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Boyce Ditto Public Library - Browse
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Description: First page of the minutes of the Mineral Wells Bicentennial Committee, held in the old Nazareth Hospital in 1975. It includes a list of attendees and a summary of some of the discussion points.
Date: November 1975
Description: A photograph of a news article describing a party given by Mrs. Chloe Schillings at her home, located on NW 2nd Street and 4th Avenue--across the street and west of the Presbyterian Church--is shown here. The party included Mrs. M. R. Birdwell, Mrs. S. A. Prostridge, Mrs. B. R. Beeler, Mrs. R. L. Yeager, Mrs. Elizabeth Cushman, Mrs. J. E. Johnson, Mrs. Gus Wicklund, Mrs. Millie Turner, Mrs. Mitchell, Mrs. Thomas, Mrs. Mae B. Tiliord, Mrs. E. W. Rogers, Mrs, Vera Lang, Mrs. Ed Oliver, Mrs. F. C. Highsmith and Mrs. Chloe Wann Schillings At the time of the news article, the home, a large Queen Anne-style house, was said to be owned by Mrs. S. H. Smith.
Description: A July, 1906 plat of "Pasadena Heights, the Home Builders Addition to Mineral Wells, Texas"is illustrated here. Developers of the addition were D. M. Howard, (Co-owner of Mineral Wells' first big department store, Howard Brothers), B. R. Strong, and Frank Richards (manager of the Star Well and owner of an early mineral water crystal plant). Street names were changed in 1912. This area came to be facetiously called "Jackass Flats" by locals. The Brazos Mall is currently  located at the bottom of the plat, Wal-Mart, to the east of the plat. Elmwood Cemetery is at the southwest edge of the plat.
Item Type: Map
Description: An inscription at the bottom of the photograph reads "Pat--Ike." The "Ike" presumably refers to Ike Zablosky, who came from Russia to Philadelphia in 1890. He and his wife, Fanny Jaffee, later moved to Mineral Wells for health reasons where he became involved in the fur-and-hide business. Zablosky once described the northwest part of Palo Pinto County as a "'Possum kingdom"; hence the first flood-control lake on the Brazos River was named Possum Kingdom Lake. (The story is that it was named that by president Franklin Roosevelt himself.) Zabloski sponsored a local baseball team. He bought a Texas League franchise, when it became available, after he moved to Dallas. It was to become Dallas' first professional baseball team. He pioneered the founding of city farm teams, and acted as umpire and coach. The last name of the "Pat" in the photograph is unknown. He was associated with a team known as the White Sox, which held spring training in Mineral Wells in 1911 and again from 1915-1917. This picture is dated 1917.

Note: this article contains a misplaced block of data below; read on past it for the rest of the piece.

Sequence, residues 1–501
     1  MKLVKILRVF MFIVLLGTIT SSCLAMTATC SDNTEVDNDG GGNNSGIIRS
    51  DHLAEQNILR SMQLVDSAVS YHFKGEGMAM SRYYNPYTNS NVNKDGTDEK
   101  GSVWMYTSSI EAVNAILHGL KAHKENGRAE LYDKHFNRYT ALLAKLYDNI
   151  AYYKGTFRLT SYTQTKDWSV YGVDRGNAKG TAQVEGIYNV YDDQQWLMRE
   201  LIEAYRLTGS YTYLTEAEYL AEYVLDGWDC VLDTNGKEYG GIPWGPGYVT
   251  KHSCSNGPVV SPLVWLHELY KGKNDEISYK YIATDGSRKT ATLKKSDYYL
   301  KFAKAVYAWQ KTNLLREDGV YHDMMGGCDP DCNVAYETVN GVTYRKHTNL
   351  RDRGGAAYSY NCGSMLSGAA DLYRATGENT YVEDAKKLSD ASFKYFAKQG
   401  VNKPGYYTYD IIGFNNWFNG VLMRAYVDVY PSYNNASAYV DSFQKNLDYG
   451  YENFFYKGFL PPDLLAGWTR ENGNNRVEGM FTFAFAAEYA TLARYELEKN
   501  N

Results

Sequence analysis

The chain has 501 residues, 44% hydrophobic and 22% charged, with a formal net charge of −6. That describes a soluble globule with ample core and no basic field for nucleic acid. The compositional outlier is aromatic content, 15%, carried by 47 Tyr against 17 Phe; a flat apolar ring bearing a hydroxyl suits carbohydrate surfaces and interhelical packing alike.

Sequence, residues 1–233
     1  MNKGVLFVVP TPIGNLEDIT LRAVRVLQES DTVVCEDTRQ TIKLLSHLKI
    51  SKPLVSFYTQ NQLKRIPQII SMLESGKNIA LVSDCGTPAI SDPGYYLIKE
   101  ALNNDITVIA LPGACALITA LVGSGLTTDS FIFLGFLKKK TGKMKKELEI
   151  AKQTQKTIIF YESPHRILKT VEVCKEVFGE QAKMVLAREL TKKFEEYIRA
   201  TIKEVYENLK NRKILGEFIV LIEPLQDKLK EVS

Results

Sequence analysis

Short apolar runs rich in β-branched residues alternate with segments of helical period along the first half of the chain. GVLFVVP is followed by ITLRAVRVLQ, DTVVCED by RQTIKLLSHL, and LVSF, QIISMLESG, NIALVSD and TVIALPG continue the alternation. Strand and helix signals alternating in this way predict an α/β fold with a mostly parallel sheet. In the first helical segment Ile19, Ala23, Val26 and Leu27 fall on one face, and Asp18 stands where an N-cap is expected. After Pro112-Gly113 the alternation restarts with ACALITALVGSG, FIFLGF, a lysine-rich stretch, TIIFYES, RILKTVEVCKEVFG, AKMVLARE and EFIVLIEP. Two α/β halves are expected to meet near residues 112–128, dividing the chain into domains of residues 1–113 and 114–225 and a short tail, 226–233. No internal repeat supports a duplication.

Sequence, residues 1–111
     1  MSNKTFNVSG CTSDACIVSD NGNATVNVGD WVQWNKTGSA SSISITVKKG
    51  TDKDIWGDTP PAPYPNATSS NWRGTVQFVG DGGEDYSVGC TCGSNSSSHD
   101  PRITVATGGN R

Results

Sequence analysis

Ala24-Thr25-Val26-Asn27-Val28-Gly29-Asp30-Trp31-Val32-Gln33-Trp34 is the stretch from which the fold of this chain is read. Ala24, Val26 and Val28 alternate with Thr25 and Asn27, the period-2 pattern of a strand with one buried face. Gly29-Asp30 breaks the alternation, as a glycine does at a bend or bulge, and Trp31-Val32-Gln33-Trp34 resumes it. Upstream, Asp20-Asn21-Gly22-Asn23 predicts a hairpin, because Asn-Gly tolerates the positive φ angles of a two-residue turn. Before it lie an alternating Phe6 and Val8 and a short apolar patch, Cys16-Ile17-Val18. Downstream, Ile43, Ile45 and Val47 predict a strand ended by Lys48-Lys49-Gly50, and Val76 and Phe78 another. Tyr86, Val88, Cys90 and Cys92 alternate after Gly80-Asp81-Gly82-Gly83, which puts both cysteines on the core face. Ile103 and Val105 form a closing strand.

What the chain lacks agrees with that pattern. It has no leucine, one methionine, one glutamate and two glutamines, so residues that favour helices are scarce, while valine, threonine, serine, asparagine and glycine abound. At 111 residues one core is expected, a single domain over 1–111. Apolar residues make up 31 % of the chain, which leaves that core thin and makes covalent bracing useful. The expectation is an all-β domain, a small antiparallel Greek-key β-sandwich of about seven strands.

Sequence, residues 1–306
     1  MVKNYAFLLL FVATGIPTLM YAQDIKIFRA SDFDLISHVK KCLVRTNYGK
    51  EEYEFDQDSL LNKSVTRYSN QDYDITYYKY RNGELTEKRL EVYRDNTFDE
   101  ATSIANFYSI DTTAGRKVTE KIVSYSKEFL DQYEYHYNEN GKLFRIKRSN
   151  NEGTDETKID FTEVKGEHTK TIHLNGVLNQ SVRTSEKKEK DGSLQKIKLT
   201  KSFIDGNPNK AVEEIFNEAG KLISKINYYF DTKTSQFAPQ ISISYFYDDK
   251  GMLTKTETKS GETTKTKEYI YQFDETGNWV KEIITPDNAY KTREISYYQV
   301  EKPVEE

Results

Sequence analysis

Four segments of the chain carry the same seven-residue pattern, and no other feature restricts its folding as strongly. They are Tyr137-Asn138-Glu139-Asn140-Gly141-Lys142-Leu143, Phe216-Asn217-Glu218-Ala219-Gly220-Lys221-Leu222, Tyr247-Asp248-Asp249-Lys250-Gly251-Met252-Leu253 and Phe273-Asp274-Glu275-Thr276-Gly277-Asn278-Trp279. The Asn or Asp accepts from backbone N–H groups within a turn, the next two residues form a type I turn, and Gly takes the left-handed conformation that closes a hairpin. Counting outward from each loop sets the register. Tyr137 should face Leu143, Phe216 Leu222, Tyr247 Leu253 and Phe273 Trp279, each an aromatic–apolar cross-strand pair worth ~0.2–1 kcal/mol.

Description: This photograph shows the pediment of the south-west entrance to the First Presbyterian Church (This is its third building) at 300 NW 4th Avenue. The acanthus ornaments on top of the pediment (in Classical times, a guard against dripping rain), have no real function. The dentils that line the interior of the pediment are not Classical, nor are the capitals of of the pillars.
Description: The Penix Home (at 1001 SW 7th Avenue, Mineral Wells, Texas)was once owned by William H. Penix--partner of the law firm of Penix, Miller, Perkins, and Dean. He also served as vice-president of the Bank of Mineral Wells in 1920. The style is Queen Anne, Free Classic sub-type. It is shown here much-ravaged by time. Note the decayed "Gingerbread", the cut-away bay (not common in Mineral Wells),and the flat-topped tower, which is unlikely to have been original. The house was re-located in 1989 to an area north of town,now  Bennett Road. Restoration of the house was completed in 1998.
Description: This home (at 1001 SW 7th Avenue, Mineral Wells, Texas) was once owned by William H. Penix, who was a partner in the law firm of Penix, Miller, Perkins, and Dean. He was also vice-president of the Bank of Mineral Wells in 1920. The style of the house is Queen Anne, free classic sub-type. Note the unusual flat-topped tower on the left of the photograph. Such towers were almost always turreted, flat-tops being practically unknown in this style of architecture. It might not be original; but given the general appearance of the house the condition of the tower might be a testimony to the ravages of time.